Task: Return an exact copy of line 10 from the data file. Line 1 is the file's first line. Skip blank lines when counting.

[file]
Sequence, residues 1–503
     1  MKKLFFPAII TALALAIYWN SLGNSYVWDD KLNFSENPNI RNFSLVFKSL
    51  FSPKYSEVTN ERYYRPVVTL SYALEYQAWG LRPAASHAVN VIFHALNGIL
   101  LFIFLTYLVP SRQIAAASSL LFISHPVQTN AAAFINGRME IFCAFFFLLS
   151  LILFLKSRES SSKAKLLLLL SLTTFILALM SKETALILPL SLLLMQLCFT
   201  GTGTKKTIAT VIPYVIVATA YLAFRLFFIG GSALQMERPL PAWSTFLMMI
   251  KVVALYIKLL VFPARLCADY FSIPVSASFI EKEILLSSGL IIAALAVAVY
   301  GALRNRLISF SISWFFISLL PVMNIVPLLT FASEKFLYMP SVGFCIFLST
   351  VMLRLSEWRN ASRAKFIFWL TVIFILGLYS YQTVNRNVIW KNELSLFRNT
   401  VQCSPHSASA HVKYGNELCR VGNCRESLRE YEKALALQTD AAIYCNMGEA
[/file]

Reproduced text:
   401  VQCSPHSASA HVKYGNELCR VGNCRESLRE YEKALALQTD AAIYCNMGEA